With this surge in consumer demand for hummus has come a proliferation of brands that increasingly are crowding the refrigerator case. As a result, many brands are struggling to differentiate themselves by offering innovative twists on flavors (think Thai Coconut Curry or Chocolate) or base ingredients (such as swapping edamame, beets and lentils for the classic chickpea paste).
But one company – Baruvi Fresh – is taking an entirely different approach to set its hummus apart.
The health food company recently launched Hummustir as a shelf-stable hummus that literally sets itself apart from the competition by giving the refrigerator sector – and the plethora of brands vying for the limited space – the cold shoulder.
The refrigerated hummus segment is “completely saturated” so that finding space, and then standing out, would be too challenging for a new brand, Alon Kruvi, managing director of Baruvi Fresh, says in this episode of FoodNavigator-USA’s Soup-To-Nuts podcast, which also discusses the rise of hummus' popularity in the US.
Kruvi explains in the episode that a shelf-stable hummus gives consumers more versatility in how they use the product – allowing them to carry it to picnics or pack it in lunches where it will not be refrigerated but will still be safe to eat.
It also gives the brand channel flexibility because the product can easily be stocked by retailers, such as convenient stores or cafes, that have limited refrigeration units. Plus, they also do not need to worry so much about shipping and longer term storage as the product will remain safe for up to two years.
Embracing a threat
The product also is unique in that it embraces the emerging DIY food and beverage movement that is changing the way consumers approach packaged food.
Rather than offering consumers pre-mixed hummus, Baruvi neatly packages each ready-to-blend ingredient for the dip in separate pouches that are tidily packed in a paper cup with a wooden spoon so that consumers can make “fresh, delicious hummus at home or on the go,” says Kruvi.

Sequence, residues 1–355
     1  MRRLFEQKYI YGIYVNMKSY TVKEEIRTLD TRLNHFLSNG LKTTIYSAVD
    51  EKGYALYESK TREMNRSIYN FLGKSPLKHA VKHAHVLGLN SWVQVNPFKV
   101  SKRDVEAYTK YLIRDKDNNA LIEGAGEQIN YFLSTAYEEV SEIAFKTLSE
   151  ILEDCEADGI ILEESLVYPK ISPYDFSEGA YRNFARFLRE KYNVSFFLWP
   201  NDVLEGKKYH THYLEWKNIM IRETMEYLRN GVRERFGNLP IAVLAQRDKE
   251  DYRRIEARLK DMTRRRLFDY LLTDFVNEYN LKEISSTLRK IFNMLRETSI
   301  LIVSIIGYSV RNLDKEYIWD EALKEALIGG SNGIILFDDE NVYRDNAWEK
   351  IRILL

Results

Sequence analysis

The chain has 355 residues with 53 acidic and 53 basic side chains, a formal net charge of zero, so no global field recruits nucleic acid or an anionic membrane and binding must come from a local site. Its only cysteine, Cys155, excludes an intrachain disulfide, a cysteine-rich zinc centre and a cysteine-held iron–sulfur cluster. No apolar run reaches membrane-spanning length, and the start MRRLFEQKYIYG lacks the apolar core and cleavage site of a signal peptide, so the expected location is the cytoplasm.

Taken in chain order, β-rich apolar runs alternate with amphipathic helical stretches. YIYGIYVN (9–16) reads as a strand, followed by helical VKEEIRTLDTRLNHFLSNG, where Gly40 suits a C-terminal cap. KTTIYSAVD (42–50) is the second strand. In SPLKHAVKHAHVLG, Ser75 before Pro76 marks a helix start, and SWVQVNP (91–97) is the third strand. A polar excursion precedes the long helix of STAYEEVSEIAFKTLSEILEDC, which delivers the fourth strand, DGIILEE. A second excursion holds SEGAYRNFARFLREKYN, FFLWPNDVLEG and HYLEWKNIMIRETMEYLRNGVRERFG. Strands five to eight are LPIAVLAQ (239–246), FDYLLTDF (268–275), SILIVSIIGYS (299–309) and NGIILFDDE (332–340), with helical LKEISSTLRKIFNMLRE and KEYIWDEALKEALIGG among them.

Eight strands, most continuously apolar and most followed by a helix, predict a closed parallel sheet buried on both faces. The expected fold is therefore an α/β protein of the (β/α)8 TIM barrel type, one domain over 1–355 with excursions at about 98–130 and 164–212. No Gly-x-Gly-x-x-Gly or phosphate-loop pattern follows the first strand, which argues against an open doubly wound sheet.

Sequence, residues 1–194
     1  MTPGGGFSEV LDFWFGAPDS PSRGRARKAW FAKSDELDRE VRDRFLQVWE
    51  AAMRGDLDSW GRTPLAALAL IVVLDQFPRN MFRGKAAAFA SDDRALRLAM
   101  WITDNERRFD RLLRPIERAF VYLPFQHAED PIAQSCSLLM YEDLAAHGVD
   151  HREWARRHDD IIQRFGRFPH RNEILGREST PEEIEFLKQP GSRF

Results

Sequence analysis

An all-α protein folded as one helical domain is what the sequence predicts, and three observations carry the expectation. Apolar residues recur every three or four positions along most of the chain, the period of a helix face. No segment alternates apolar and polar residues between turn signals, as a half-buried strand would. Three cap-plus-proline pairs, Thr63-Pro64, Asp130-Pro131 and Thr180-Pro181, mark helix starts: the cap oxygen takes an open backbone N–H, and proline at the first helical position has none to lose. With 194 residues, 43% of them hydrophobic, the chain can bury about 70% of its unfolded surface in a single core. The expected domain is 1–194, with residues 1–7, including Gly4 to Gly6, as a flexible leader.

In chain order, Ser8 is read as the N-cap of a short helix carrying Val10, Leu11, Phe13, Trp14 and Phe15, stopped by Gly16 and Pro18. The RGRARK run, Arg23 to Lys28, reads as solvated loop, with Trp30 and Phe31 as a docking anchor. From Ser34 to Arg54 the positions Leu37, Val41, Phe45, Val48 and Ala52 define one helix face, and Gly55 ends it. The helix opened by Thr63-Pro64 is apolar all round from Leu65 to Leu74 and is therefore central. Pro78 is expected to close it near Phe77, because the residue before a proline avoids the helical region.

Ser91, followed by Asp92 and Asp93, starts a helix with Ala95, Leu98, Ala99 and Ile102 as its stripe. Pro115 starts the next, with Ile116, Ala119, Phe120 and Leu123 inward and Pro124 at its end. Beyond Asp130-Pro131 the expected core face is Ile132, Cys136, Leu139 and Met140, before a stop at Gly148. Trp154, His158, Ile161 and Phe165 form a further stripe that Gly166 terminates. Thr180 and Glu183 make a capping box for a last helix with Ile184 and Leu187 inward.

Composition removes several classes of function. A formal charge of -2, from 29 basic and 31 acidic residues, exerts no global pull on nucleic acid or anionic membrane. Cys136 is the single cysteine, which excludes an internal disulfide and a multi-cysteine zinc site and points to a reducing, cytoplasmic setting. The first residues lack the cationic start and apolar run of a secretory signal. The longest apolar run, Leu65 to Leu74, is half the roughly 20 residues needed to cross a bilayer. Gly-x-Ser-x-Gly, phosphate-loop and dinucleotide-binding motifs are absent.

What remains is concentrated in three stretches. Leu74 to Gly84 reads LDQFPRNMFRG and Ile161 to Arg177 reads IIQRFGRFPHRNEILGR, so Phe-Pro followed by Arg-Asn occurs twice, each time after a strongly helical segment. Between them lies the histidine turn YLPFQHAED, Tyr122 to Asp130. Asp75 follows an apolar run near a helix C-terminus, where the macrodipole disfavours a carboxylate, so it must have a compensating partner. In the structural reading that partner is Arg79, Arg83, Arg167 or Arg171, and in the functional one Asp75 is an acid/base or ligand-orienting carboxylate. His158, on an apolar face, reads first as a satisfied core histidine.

He explains in this episode of Soup-To-Nuts podcast why the DIY food movement is not a threat to packaged foods, but rather an opportunity.
“This trend is really amazing. The options that are out there on the market today for average home cooks to prepare a gourmet meal is made so simple compared to what it used to be years back when you had to source your product, your recipes and get directions from your grandmother on how to actually make [a dish]. … Now you have these kits that are no-brainers where literally you order what you want to make and everything is laid out for you. The prep work is done, the sourcing is done and you get the recipe,” he said.
“Hummustir is a natural fit into this trend,” he added, explaining, “you can feel like you made your own hummus. You know what you are putting on your plate … rather than opening a tin or a refrigerated preserved product. You are making something fresh … and your pride goes in with the product as well.”
In this way, Hummustir becomes more than just a packaged food – it becomes an experience. And as marketers are discovering, younger shoppers increasingly want experiences rather than just goods.